Every now and then, we all stumble across an invention that seems so simple, so obvious, that we wonder why no one (including us) did it before.
Such is the case with LoPresti Speed Merchants’ “Speedpants.”
They’re regular composite wheel fairings–with one key difference. They have a set of clamshell doors on the bottom designed to totally enclose the wheels when an airplane’s in flight. LoPresti estimates the fairings will add about eight knots to an RV-7’s top speed. (And for those of us who miss raising and lowering landing gear, Speedpants will provide us with another lever to move each time we take off and land.)
The clamshell doors are hydraulic. And if the hydraulic system fails, internal springs will open the gear.
If we forget to open them on landing (and you know we will), the fiberglass scrapes off and the airplane remains on the wheels.
Speedpants are meant to minimize the aerodynamic penalty for fixed gear. And with so many of today’s aircraft manufacturers electing for fixed gear on airplanes that are meant to go fast, LoPresti may be onto something . . .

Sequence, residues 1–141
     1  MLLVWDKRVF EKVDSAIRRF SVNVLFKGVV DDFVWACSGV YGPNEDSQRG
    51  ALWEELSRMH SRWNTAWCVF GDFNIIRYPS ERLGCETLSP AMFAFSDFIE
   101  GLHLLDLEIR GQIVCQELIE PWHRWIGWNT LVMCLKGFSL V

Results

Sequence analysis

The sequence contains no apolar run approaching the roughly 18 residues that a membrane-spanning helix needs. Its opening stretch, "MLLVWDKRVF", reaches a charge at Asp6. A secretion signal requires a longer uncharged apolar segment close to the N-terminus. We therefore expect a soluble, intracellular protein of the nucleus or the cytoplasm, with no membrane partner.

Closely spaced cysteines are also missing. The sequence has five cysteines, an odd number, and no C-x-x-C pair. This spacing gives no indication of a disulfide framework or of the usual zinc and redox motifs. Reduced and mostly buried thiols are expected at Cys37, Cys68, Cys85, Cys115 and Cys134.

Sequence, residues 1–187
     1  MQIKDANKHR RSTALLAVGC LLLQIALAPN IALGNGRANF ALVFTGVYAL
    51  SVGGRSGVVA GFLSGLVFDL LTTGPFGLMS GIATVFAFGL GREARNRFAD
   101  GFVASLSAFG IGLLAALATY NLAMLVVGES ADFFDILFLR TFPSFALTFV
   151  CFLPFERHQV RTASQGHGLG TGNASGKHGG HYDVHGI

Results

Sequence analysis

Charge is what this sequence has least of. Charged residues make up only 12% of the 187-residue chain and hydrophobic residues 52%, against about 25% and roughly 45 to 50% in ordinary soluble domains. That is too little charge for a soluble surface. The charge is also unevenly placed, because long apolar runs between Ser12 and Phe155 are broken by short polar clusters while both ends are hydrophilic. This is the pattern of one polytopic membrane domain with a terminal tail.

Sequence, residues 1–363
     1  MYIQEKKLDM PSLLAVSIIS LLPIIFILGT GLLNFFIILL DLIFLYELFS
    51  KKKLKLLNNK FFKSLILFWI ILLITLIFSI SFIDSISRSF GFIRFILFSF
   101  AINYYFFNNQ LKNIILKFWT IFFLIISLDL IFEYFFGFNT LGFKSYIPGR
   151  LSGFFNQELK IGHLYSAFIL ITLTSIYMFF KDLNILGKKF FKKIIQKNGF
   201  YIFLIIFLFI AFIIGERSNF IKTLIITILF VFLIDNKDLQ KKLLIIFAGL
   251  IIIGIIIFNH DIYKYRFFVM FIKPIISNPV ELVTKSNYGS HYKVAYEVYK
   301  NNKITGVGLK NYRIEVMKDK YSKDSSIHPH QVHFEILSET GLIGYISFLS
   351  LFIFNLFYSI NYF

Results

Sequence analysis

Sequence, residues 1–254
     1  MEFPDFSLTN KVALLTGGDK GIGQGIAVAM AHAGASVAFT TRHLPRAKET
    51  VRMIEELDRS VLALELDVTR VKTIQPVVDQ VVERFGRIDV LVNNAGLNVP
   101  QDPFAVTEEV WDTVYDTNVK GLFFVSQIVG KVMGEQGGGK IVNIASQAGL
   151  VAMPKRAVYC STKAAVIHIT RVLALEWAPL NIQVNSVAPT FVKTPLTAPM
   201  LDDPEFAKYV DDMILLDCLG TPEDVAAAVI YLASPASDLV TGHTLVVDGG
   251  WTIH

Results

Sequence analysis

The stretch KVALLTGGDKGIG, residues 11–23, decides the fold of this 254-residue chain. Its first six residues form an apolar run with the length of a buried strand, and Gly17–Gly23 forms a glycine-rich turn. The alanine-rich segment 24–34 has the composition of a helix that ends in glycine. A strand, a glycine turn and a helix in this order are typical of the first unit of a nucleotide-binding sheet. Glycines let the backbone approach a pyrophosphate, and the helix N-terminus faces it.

Dave’s other faves:
* Nemesis NXT flybys. That airplane makes everything else with a propeller on it look slow.
* The Commemorative Air Force’s LT-6. The silver “Mosquito” from the CAF’s Dixie Wing is absolutely gorgeous. The pride and workmanship really show through on this historical labor of love.
* The XP-30 is a German aerobatic brute painted in a scheme that seems to pay tribute to the Great Pumpkin. But it’s got a 450-degree-per-second roll rate, a 220-knot top speed, and more than 1,000 miles range. It’s only doing flybys at the show–not full aerobatic performances. But it looks like the closest thing to a magic carpet since Aladin.
* Sport Cub S2. I want to give it a hug whenever I see it. Cub Crafters is talking about offering a clipped-wing version. If they do, it will fit my notion of The Perfect Sport Plane and Back-To-The-Future Trainer . . .